Collapsed Lung Symptoms, Causes, and Treatment

About Collapsed Lung Symptoms

Collapsed Lung Symptoms

Collapsed Lung Symptoms

A collapsed lung occurs when air escapes from the lung. The air then fills the space outside of the lung, between the lung and chest wall. This buildup of air puts pressure on the lung, so it cannot expand as much as it normally does when you take a breath.

The medical name for this condition is pneumothorax.

Causes Collapsed Lung

Collapsed lung can be caused by an injury to the lung. Injuries can include gunshot or knife wound to the chest, rib fracture, or certain medical procedures.

In some cases, a collapsed lung is caused by air blisters (blebs) that break open, sending air into the space around the lung.This can result from air pressure changes such as when scuba diving or traveling to a high altitude. Tall, thin people and smokers are more likely to have a collapsed lung. Lung diseases can also increase the chance of getting a collapsed lung. These include:

  • Asthma
  • COPD
  • Cystic fibrosis
  • Tuberculosis
  • Whooping cough

In some cases, a collapsed lung occurs without any cause. This is called a spontaneous pneumothorax or collapsed the lung.

Collapsed Lung Symptoms

Common symptoms of a collapsed lung include:

  • Sharp chest pain, made worse by a deep breath or a cough
  • Shortness of breath
  • Nasal flaring

A larger pneumothorax causes more severe symptoms, including:

  • Bluish color of the skin due to lack of oxygen
  • Chest tightness
  • Easy fatigue
  • Rapid heart rate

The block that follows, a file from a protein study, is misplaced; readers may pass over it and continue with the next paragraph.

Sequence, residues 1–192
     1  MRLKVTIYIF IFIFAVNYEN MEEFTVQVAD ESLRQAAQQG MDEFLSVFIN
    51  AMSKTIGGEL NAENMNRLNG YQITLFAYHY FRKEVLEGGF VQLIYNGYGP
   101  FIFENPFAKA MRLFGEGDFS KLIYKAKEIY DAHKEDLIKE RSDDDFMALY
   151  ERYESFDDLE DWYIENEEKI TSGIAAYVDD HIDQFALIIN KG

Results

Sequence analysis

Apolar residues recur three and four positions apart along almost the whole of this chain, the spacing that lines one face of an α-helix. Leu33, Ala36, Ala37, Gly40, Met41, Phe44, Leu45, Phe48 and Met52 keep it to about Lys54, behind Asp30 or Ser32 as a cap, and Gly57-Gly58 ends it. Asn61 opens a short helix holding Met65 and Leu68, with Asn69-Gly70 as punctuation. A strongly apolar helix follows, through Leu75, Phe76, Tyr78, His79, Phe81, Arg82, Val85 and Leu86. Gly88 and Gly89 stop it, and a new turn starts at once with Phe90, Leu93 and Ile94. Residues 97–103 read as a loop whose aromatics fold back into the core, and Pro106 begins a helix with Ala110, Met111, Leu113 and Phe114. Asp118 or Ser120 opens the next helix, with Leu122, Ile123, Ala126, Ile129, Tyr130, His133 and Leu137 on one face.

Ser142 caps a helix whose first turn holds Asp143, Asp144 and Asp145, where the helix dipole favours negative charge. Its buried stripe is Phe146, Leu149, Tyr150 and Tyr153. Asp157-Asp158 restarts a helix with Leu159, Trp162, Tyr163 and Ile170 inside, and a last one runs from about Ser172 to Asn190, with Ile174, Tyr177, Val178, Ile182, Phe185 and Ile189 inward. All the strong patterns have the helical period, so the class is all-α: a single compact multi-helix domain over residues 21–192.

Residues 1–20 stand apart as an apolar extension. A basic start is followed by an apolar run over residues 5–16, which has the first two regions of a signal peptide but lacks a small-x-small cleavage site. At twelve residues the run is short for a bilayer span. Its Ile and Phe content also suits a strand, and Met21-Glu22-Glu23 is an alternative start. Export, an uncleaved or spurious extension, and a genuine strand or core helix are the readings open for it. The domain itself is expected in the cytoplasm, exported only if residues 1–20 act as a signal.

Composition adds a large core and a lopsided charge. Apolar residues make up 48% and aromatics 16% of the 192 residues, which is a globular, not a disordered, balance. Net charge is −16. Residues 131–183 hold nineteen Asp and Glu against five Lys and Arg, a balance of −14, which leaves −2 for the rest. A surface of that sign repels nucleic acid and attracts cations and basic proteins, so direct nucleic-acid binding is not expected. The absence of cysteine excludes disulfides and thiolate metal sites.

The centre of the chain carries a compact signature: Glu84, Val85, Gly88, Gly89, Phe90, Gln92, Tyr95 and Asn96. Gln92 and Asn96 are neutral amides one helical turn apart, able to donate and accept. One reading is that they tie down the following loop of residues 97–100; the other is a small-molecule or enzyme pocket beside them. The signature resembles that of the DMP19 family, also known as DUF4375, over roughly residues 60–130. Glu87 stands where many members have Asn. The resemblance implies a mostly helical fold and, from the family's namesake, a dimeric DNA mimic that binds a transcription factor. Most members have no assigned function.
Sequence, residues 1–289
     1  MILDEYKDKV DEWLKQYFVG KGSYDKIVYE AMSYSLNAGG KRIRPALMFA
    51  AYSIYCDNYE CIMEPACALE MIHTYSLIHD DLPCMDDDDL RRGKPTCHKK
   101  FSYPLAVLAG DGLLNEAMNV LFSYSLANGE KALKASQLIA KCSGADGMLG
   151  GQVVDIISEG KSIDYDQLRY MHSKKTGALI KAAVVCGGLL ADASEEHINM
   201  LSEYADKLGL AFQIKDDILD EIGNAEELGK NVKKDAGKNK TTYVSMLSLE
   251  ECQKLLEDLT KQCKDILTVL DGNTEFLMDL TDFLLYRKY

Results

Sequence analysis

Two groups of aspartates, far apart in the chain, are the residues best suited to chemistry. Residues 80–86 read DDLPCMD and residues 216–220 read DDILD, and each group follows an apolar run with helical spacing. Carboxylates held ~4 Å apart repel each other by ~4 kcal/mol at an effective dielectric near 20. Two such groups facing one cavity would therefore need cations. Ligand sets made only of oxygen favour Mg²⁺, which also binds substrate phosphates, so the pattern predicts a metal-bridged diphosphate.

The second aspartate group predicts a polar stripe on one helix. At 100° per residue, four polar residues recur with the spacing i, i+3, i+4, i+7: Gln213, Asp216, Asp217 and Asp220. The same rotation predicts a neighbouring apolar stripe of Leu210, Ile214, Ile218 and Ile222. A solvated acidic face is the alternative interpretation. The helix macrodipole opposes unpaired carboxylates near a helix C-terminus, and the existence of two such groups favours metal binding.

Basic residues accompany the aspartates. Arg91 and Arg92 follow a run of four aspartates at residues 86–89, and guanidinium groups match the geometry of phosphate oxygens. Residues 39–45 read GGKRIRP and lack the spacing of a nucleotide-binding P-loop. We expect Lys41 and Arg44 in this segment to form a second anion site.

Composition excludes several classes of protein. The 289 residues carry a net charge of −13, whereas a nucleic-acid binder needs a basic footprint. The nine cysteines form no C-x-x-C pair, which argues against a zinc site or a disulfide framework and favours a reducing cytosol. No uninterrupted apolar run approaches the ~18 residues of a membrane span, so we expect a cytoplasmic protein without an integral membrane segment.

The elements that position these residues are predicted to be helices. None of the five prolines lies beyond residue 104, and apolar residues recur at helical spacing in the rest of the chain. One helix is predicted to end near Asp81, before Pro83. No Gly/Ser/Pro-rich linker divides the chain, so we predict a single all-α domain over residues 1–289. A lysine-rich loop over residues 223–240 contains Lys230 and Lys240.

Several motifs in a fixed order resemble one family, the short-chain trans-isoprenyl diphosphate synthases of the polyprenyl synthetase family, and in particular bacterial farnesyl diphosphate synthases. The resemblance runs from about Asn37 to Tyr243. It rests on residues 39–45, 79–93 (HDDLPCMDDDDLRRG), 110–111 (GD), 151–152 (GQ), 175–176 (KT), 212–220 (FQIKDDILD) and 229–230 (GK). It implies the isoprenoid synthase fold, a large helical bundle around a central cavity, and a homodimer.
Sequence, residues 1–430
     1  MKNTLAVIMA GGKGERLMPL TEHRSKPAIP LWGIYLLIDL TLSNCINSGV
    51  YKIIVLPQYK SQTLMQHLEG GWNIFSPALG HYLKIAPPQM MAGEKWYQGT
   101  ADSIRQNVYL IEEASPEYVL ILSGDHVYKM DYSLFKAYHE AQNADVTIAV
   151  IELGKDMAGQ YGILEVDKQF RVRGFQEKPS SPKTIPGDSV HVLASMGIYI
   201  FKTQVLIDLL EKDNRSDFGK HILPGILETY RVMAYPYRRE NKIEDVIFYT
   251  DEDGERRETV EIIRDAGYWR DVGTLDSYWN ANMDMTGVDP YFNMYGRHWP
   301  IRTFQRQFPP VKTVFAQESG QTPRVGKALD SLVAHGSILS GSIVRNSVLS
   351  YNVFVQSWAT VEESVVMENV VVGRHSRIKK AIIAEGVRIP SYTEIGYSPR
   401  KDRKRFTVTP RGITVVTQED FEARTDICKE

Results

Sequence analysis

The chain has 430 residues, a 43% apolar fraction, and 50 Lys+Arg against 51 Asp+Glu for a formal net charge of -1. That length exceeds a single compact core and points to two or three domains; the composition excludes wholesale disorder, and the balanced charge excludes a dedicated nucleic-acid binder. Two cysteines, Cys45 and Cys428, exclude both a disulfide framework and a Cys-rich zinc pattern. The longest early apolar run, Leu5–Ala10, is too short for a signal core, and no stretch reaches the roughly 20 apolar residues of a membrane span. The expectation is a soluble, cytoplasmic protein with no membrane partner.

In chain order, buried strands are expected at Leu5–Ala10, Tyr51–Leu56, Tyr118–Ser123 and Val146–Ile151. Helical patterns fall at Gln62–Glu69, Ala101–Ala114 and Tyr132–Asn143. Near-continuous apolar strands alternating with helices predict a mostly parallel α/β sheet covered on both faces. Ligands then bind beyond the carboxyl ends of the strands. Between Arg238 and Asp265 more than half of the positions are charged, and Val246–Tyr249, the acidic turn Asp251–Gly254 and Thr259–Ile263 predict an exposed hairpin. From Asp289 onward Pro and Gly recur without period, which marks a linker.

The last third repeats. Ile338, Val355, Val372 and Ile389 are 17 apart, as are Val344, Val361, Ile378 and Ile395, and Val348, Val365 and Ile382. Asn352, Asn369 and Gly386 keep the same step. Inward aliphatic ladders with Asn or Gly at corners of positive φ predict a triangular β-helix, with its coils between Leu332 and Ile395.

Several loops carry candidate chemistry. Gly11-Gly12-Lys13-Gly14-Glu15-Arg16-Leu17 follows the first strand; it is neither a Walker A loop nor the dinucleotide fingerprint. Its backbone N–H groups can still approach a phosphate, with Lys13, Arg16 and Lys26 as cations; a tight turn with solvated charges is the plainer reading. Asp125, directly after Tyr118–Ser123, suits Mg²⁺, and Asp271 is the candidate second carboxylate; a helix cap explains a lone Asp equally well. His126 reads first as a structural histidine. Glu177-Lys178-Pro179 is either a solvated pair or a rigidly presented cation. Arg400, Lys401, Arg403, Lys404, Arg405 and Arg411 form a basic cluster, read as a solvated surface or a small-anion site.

Treatment Collapsed Lung

A small pneumothorax may go away on its own. You may only need oxygen treatment and rest. The health care provider may use a needle to pull the extra air out from around the lung so it can expand more fully. You may be allowed to go home if you live near the hospital.

If you have a large pneumothorax, a chest tube will be placed between the ribs into the space around the lungs to help drain the air and allow the lung to re-expand. The chest tube can be left in place for several days. You may need to stay in the hospital. If a small chest tube or flutter valve is used, you may be able to go home. You will need to return to the hospital to have the tube or valve removed.

Some patients with a collapsed lung need extra oxygen. Lung surgery may be required to treat collapsed lung or to prevent future episodes. The area where the leak occurred may be repaired. Sometimes, a special chemical is placed into the field of the collapsed lung. This chemical causes a scar to form. This procedure is called pleurodesis.



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